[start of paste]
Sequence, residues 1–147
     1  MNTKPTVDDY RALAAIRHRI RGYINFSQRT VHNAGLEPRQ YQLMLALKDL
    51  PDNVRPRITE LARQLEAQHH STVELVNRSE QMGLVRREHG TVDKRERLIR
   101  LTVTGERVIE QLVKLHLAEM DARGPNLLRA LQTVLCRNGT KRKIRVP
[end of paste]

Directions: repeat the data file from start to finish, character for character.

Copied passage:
Sequence, residues 1–147
     1  MNTKPTVDDY RALAAIRHRI RGYINFSQRT VHNAGLEPRQ YQLMLALKDL
    51  PDNVRPRITE LARQLEAQHH STVELVNRSE QMGLVRREHG TVDKRERLIR
   101  LTVTGERVIE QLVKLHLAEM DARGPNLLRA LQTVLCRNGT KRKIRVP